Monday, March 15, 2010

who could turn the world on with her smile?

Ali was already sick when I met her. In a way, I met her because she was sick. She came into the little yarn shop where I worked and asked to speak to the owner, who, of course, wasn't there. So Ali told us her story. She had brain cancer. She was on disability, so she wasn't allowed to work for pay. But the chemo seemed to be working and she was feeling a little better, and she just got so bored sitting at home all the time. Could she volunteer at the yarn shop? Could she just hang out there? We encouraged the owner to go along with the idea. We thought we were doing something nice for a sick girl. It never entered our minds that Ali would do so much for us.

Ali was so positive, so upbeat, so glad to be alive, I think. She had a beautiful smile and the most wonderful, unexpected laugh. And she laughed all the time. And she talked all the time. That girl could talk! We learned a lot about Ali in the short time that we knew her. We learned that she had been in college at McGill when she became ill. That she had come home to Cleveland to receive the best medical care available to her. We learned about the guy she was dating and the friends she had and the trips she and her mom took together. A trip to the west coast to see her brother and sister-in-law. A trip to Paris - the trip of a lifetime. We celebrated with Ali when she went back to Montreal to receive her degree. We worried over her when a dizzy spell at the shop one day turned into a trip to the hospital, and the discovery of another brain tumor. And when the shop closed unexpectedly last fall, we lost touch with her.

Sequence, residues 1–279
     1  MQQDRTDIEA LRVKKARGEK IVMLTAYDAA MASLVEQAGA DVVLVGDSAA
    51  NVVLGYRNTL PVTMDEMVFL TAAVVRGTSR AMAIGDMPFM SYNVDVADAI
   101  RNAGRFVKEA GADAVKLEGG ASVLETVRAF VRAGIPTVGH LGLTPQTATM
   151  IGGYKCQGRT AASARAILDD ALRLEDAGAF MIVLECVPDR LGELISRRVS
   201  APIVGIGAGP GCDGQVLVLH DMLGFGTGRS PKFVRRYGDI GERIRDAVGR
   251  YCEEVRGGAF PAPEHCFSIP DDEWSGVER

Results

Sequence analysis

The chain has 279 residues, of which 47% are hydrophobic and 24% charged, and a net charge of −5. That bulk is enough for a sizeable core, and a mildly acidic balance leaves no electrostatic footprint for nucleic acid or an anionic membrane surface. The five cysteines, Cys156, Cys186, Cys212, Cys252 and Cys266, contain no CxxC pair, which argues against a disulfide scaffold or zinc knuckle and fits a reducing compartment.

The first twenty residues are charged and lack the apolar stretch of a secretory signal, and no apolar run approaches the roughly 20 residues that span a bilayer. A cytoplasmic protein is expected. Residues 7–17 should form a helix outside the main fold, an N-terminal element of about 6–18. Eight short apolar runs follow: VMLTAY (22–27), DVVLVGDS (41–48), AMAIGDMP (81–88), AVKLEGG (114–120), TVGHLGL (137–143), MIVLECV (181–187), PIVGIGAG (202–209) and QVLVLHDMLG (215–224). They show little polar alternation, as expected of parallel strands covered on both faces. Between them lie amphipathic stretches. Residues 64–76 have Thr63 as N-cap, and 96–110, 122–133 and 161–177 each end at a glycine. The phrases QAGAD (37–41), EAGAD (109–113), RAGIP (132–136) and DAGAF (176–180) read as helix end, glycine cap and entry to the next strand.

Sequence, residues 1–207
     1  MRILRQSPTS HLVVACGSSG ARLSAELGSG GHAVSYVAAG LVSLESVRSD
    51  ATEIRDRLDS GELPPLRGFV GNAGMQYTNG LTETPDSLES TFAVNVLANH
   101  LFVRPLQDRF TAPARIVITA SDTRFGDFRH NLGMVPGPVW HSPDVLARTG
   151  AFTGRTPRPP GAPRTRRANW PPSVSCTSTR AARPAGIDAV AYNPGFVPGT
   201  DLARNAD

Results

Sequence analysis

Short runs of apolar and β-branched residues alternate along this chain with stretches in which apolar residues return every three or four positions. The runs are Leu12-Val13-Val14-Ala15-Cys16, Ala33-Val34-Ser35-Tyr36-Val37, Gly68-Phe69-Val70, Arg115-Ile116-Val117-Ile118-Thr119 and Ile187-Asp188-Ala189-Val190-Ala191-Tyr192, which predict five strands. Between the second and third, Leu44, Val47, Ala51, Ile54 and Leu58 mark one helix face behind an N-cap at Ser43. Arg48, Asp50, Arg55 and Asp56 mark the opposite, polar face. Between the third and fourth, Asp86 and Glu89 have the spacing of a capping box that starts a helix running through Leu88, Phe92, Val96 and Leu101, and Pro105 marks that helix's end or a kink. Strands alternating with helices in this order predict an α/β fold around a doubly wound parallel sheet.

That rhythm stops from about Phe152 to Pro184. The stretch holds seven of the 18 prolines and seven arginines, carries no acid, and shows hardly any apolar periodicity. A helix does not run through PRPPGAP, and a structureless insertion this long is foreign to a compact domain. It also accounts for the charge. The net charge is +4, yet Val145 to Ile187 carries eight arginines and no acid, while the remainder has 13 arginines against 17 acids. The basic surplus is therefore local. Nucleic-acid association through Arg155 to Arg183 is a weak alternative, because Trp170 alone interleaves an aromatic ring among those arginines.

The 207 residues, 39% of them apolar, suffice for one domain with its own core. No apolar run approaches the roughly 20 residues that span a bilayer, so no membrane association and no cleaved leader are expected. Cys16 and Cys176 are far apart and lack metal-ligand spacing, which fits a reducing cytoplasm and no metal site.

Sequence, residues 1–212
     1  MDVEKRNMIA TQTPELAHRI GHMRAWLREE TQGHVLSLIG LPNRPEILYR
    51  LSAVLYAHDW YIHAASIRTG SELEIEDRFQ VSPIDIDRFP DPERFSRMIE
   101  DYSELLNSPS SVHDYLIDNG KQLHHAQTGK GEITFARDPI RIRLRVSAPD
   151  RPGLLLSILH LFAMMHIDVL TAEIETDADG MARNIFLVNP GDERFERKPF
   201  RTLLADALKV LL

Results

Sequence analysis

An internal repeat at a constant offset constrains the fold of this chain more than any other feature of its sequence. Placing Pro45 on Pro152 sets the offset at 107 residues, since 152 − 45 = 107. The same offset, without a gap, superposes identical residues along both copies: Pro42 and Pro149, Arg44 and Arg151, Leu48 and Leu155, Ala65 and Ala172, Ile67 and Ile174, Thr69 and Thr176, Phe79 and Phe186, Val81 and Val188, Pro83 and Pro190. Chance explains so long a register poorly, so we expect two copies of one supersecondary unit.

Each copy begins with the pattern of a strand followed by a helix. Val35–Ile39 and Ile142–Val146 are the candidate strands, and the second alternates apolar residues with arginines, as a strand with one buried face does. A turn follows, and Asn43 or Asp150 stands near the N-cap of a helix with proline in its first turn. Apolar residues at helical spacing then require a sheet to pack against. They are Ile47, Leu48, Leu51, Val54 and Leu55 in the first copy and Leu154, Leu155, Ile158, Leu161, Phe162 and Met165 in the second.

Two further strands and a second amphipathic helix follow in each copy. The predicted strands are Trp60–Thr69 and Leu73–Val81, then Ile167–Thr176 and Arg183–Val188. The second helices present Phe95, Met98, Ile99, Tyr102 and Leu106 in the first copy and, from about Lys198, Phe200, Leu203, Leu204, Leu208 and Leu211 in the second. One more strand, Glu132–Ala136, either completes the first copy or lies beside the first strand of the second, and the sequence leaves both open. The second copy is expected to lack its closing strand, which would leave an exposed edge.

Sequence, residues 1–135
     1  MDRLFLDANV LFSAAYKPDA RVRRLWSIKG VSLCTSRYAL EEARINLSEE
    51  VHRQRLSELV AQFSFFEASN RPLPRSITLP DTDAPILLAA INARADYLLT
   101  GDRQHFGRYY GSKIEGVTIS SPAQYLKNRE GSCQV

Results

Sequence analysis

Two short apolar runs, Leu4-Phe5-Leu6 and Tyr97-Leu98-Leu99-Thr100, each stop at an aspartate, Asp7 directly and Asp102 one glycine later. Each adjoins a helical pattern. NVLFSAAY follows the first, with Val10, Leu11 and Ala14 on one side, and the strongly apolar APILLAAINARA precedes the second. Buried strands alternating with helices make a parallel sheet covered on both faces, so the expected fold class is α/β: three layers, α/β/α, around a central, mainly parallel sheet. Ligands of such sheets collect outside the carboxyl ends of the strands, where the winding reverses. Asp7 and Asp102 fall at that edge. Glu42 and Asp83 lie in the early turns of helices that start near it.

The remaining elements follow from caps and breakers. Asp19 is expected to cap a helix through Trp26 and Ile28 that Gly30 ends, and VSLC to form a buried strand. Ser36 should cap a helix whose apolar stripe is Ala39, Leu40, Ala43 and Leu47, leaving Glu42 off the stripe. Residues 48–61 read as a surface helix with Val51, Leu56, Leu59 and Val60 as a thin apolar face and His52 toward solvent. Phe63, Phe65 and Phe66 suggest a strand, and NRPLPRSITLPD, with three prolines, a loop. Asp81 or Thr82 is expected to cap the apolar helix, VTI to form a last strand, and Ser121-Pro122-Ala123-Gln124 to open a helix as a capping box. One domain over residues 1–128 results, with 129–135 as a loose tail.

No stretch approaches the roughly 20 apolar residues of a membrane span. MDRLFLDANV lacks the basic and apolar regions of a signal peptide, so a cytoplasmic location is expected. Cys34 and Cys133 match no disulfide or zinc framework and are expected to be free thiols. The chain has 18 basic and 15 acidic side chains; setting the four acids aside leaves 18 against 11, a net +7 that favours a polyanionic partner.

Today Ali died. As I read the announcement on Facebook, and my eyes filled with tears, I realized a song was playing in my head:

Who can turn the world on with her smile?
Who can take a nothing day, and suddenly make it all seem worthwhile?
Well it's you girl, and you should know it
With each glance and every little movement you show it.


I think Ali would have loved that. I think she would have laughed.

8 comments:

jsdknits said...

Ali is a star.

Eostre said...

Anne, this is lovely and sad. Thank you for sharing.

Shaun said...

I was a friend of Ali's back in her high school days, and saw this post on her Facebook page. Thank you SO much for posting it. It brings me great comfort to hear that even in the worst of times, after I'd long since lost contact with her, she still had that radiant smile. Thank you so, so, so much.

anne mancine said...

Janet - I like to think of Ali sparkling and smiling down on us.

Thanks, Carla.

Shaun - It is truly amazing how many lives Ali touched. You're welcome.

Kitty said...

hm.

You know, it is good to reflect on life and who and where we are each day. This story is poignant because Ali was young and positive. She tried to make the most of what she had, despite a terrible situation that had an uncertain outcome.

Thanks for posting this. It really makes me stop and think. I truly feel for this stranger.

We will each go someday, and we might not be so brave or prepared. The most we can possibly do is treasure what and who we have in our lives in each present moment.

anne mancine said...

"The most we can possibly do is treasure what and who we have in our lives in each present moment."

Yes, exactly. I think if I can do that, Ali will still be helping me, which I know would make her happy.

At her funeral service yesterday, the rabbi said her greatest regret in dying so young was that she felt she had not completed her mission in life to help all the people she could. That sounds sappy, maybe, but that's really the kind of person she was.

So if each of us who attended that service can carry that message away with us, think of the effect that could have. Think of it radiating out exponentially from Ali. That would be a remarkable legacy.

raimi said...

I was Ali's roommate throughout her time in Montreal, and it was so hard to be away from her when she had to come home. I am so glad she had the yarn shop and you all to keep her smiling and laughing, as I know she was so good at it.
This was beautiful. Thank you.

anne mancine said...

You're welcome. My condolences on the loss of your friend. What a wonderful roommate Ali must have been!